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Council for Security

The former head of the Serbian State Security Service, Jovica Stanisic, was the most powerful man in Serbia apart from Slobodan Milosevic. The full extent of Milosevic's confidence in Stanisic became apparent when he was appointed as the Presidential Advisor for National Security. In the announcement of his appointment, it was stated that Jovica Stanisic would "perform only the duty of the Chairman of the Council for Security". The 1997 draft Law on the FRY Security-Operative Service envisaged the marginalization of the republican security services, so that all information and evaluations provided by all secret services (the Army service, the Serbian service, the Montenegrin service, and the Ministry of Foreign Affairs' service) would go directly to a single, more-powerful, and better-organized service accountable only to the President.

Altogether, Stanisic had about 4,000 men under his direction. Under Stanisic's leadership, the Serbian secret police grew into a 300-employee service. He was also in charge ofthe military counterintelligence and intelligence services and the newly established diplomatic secret service, and he also covered the Montenegrin SDB. An additional ,000 people worked for him in these services, plus the same number of contractors, many of whom were members of political parties or work in media or at universities. The rich Tanjug news service network also represented an exceptionally extensive intelligence and agent network.

Jovica Stanisic was born in 1950, and is married with two children. Stanisic was employed by the Serbian police after he had completed the School of Political Sciences, which was in 1974, and Belgrade Law School, the place for the education of new political policemen, who often received scholarships from the state. He worked as a counterintelligence officer in Sector East and became a specialist on the KGB in the Belgrade Directorate of the State Security Service. He was soon appointed as an assistant in the Serbian State Security Counter-Intelligence Sector, where he took part in apprehending notorious world terrorist Illych Ramirez Sanchez, better known as Carlos, at Belgrade's "Excelsior" Hotel. Later, he worked in the Division for Analysis in the State Security Service in Belgrade, and when he changed to the Serbian secret service, he became the deputy head of the Division for Counterintelligence Activities. His successful actions and his overall work recommended him for the post of the assistant chief of State Security.

As the head of the whole SDB operative, during the period of the "anti-bureaucratic revolution" (1987-88), he replaced Zoran Janackovic, who went to be the head of the Information and Archives Service [SID] - the intelligence service of the Federal foreign ministry. The Yugoslav Left [JUL] didn't like him, because they considered him a war-monger, and parts of the military counterintelligence service [KOS] opposed him since his credits included weakening that service.

During the 1991 reorganization of the Serbian Ministry of Internal Affairs, Stanisic renamed the State Security Service (SDB) secret service as the State Security Division (RDB). He wanted to remove the connotations the term "SDB" which had functioned exclusively as a political police force, and establish the RDB's reputation as a service for fighting terrorists and armed Serbian enemies. In 1993, when the Serbian secret service took over the building of the Federal Secretariat of Internal Affairs on Knez Milos Street in Belgrade, he finally dissociated the Serbian RDB from Yugoslavia. Stanisic's office was still in the SDB part of the building of the former Federal Secretariat of Internal Affairs.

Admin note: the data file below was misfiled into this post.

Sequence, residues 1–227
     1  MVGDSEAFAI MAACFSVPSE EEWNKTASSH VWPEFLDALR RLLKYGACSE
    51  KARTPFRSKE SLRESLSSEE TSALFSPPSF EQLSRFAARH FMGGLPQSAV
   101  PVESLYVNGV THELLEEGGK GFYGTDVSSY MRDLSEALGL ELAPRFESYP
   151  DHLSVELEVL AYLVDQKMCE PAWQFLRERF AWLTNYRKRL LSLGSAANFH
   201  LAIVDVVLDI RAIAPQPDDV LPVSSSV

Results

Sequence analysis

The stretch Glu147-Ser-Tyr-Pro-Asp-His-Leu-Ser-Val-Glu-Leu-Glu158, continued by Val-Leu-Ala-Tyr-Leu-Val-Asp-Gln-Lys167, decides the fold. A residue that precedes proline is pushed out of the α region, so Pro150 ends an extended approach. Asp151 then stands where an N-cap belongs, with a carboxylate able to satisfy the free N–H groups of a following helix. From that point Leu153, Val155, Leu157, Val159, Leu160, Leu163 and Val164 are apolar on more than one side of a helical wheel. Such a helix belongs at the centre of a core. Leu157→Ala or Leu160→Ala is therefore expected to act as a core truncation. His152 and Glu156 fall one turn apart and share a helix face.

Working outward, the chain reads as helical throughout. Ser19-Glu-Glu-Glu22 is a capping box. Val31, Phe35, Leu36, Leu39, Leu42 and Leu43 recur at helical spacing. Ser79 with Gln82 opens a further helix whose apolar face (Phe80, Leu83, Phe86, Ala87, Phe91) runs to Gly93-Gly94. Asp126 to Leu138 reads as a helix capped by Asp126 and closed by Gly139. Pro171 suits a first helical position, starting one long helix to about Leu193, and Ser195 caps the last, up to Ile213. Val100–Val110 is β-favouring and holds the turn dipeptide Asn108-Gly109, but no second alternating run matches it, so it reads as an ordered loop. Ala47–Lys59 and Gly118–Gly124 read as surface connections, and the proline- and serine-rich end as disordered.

Jovica Stanisic was entrusted with almost all covert operations in Croatia and Bosnia -- from arms supplies to drafting plans of action. He was responsible for the crimes committed during the aggression in Bosnia-Herzegovina and Croatia. Before the beginning of the war, the Serbian secret political police provoked violence and interethnic fighting in Croatia and Bosnia. Through criminal types such as Seselj and Arkan, it carried out executions, expulsions and looting. Stanisic undertook a number of measures to hide the crimes from the domestic and world public, representing the events as the consequence of the civil war between the three sides in the conflict. Stanisic played a key role in organizing raids by Serb paramilitary formations against Knin and Vukovar.

During the conflict in Bosnia-Herzegovina, the MUP of the Republika Srpska was subordinate to the Belgrade MUP to the same extent that Karadzic's military depended on the General Staff in Belgrade. Karadzic personally asked Milosevic to send Stanisic to him to help him organize para-state and para-police forces. And in May 1995, Stanisic visited Pale to secure the release of the captured UNPROFOR [UN Protection Force] soldiers whom Karadzic's people were holding hostage. In May 1991, his police provided security for Seselj's visit to Romanija, even though at the time there was an arrest warrant out on Seselj from the Croatian MUP.

Stanisic is credited with the disclosure of para-army units and paramilitaries among the Albanian nationalists in Kosovo. It was he who revealed the existence of the Kosovo Liberation Army.

Jovica Stanisic is said to have been one of the best-informed people in Yugoslavia. All the information collected by the intelligence, counterintelligence, and information services, including the military secret service, flowed to Jovica Stanisic. The system he headed was made in such a way that everything ended up at his desk.

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